“Readers are advised to remember that the devil is a liar.”
From “The Screwtape Letters”, by C.S. Lewis, 1942
It’s October, 2018, and Nature is booming and burgeoning to a level not seen in my lifetime. In response, the barely-closeted Death worshippers who have ruled us from the shadows all the way back to Babylon, and before have a worldwide news blackout in place surrounding the subject.
I’ve demonstrated all of those theses using two separate (and also current) news accounts, below.
The news blackout is in place because they desperately don’t you to find out that they’ve been deliberately making things worse on this planet, well, all the way back to Babylon, and before.
I’m talking about the deliberate construction and expansion of a worldwide network of Death energy, using the Earth’s own energy grid as the framework. Putting capacitor tipped Ba’al Pillars, stone henges, church steeples, and cell phone towers, soldier statues, ad infinitum in place in key spots on the grid, to augment the creation, concentration and distribution of Death energy. Which energy you have been assiduously assured does not exist.
Readers are advised to remember that the devil is a liar.
Most fortunately for us all, the creation and widespread distribution of simple, inexpensive Orgonite devices is unknitting and transforming that malefic network, before our eyes, and we’re all witnessing the epochal positive changes that I’ve been documenting in this thread without cease since they began in earnest four years or so ago.
The fact that people are in denial about them, and are not talking about them, does not change the fact that they are taking place, and that they are permanent. It took a long time to build that Death energy network, but when you look at it with new eyes, you can say “I spent $10 for 3 TB’s and in five minutes neutralized and permanently transformed an Death energy node on the network that cost a lot, and I mean a lot of time and money to build.”
And a lot of people are doing that sort of thing, and are continuing to, and the world has already transformed to a stunning degree.
I can’t wait to see what’s coming. Peace train, sounding louder, everyone jump upon the peace train…
Come on, come on, come on.
Get gifting if you aren’t already. Talk about it here, there, or anywhere if you aren’t already.
June 16, 2018 – Michigan angler breaks fishing record with 46-pound black buffalo catch
OTTAWA COUNTY, Mich. – Talk about a great catch!
A Muskegon man broke the Michigan record for the largest black buffalo caught when he reeled in a 46.5 pound, 39.75 inch fish from the Grand River in Ottawa County on May 25. Brandonn Kramer was bowfishing when he caught the fish. His friend Shawn Grawbarger helped him.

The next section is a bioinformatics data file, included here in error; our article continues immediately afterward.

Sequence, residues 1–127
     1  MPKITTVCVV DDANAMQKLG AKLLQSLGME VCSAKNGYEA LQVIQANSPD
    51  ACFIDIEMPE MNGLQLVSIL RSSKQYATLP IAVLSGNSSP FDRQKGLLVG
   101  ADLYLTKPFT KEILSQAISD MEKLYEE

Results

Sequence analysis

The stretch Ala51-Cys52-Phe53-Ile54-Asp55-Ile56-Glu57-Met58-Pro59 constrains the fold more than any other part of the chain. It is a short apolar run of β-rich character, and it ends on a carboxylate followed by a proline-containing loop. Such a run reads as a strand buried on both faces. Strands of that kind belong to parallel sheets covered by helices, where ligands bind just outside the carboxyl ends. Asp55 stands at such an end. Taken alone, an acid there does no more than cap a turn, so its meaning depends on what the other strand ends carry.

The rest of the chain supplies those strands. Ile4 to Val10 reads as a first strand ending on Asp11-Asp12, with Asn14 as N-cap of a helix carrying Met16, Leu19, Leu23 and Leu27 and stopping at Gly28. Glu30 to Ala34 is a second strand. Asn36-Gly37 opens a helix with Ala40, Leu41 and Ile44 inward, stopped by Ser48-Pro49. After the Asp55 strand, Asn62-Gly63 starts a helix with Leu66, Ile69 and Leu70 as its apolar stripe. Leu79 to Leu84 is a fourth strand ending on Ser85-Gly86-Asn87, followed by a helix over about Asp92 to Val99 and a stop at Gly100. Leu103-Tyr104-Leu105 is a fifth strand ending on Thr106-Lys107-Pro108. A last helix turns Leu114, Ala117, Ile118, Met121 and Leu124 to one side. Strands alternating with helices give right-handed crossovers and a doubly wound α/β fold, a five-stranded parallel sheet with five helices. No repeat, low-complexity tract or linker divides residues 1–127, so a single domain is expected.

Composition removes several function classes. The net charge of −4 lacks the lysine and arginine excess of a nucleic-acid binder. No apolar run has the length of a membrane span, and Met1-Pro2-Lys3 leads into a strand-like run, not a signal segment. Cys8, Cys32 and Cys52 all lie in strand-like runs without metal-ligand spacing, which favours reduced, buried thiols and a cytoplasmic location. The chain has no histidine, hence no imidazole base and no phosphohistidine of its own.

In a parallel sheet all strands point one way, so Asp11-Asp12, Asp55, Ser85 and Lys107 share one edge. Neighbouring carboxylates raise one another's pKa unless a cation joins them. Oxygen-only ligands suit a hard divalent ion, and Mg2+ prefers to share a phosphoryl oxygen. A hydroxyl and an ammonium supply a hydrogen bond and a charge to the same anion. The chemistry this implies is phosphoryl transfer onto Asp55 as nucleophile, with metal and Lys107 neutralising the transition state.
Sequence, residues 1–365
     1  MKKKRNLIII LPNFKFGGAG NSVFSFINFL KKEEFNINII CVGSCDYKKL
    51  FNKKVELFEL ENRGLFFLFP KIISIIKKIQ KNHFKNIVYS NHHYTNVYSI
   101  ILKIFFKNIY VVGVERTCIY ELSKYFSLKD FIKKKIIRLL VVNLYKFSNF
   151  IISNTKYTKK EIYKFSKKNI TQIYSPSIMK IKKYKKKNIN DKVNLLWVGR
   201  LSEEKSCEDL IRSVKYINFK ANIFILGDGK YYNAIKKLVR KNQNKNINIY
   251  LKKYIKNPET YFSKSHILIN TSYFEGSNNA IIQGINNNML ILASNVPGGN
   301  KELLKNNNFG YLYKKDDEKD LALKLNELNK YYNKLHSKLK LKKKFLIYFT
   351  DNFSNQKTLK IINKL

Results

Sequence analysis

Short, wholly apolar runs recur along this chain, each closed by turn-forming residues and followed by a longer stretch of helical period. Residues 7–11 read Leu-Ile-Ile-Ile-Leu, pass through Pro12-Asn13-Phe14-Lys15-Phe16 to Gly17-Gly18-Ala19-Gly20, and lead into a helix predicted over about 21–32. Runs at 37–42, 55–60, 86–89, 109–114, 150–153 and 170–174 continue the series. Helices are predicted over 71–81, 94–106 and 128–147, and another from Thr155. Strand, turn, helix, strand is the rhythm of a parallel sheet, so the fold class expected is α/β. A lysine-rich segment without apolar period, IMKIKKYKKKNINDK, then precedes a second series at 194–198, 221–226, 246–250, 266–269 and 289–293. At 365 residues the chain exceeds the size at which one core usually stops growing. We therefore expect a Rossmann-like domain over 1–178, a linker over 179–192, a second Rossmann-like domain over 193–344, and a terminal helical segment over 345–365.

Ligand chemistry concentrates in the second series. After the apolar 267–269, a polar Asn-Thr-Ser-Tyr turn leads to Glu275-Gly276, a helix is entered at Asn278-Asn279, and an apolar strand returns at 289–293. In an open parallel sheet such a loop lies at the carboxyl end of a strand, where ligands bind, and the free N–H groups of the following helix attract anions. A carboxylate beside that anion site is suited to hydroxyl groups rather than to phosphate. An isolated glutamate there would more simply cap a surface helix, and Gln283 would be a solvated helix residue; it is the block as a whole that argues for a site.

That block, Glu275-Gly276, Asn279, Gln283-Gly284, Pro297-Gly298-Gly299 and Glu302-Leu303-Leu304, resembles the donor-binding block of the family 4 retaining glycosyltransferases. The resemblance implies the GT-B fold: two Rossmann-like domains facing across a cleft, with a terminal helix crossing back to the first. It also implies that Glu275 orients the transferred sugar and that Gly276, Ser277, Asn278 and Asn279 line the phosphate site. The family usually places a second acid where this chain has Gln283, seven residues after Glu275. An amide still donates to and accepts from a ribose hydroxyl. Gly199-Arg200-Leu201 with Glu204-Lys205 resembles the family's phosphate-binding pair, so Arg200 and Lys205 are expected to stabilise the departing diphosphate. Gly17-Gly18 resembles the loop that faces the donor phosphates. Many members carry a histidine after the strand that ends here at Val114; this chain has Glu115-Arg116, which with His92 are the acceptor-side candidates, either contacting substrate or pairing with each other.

Kramer’s catch broke the previous record for a fish that was also caught in the Grand River in Ottawa County. Sage Colegrove, of Muskegon, held the record. Colegrove’s fish weighed 44.54 pounds and measured 38.5 inches.
October 13 ,2018 – Record Catfish in Colorado
AURORA, CO — A 20-year-old Aurora woman became Colorado’s newest fishing state-record holder after landing a 43-pound channel catfish at Aurora Reservoir on Oct. 4. The mammoth fish, caught by Jessica Walton, is the largest channel catfish ever caught in Colorado and the third consecutive state record taken from the Front Range reservoir in 15 months.
Walton caught the enormous fish at 6 p.m. using a night crawler, egg sinker and 20-pound test line. A novice angler who had landed just two fish in her life prior to her record catfish, Walton admits she was overwhelmed and “shocked” by her achievement.
(Not the great size of the fish – ed)
“When I first picked up the rod and started reeling I thought I was snagged on a rock,” said Walton. “I pulled again and that’s when the fish just took off. I reeled some more and the fish came towards the surface–that’s when we saw how big it was and I just started shaking.”
After 10 minutes of careful give-and-take, Walton landed her prize catch with the help of her boyfriend’s parents, John and Eva Clark.
The catfish measured 40 4/8 inches in length, boasted a 28 5/8-inch girth and tipped the scales at 43 pounds, 6 ounces—more than 7 pounds heavier than the previous 35-pound, 8-ounce record caught by Daris McKinnon at Aurora Reservoir on June 28, 2010.
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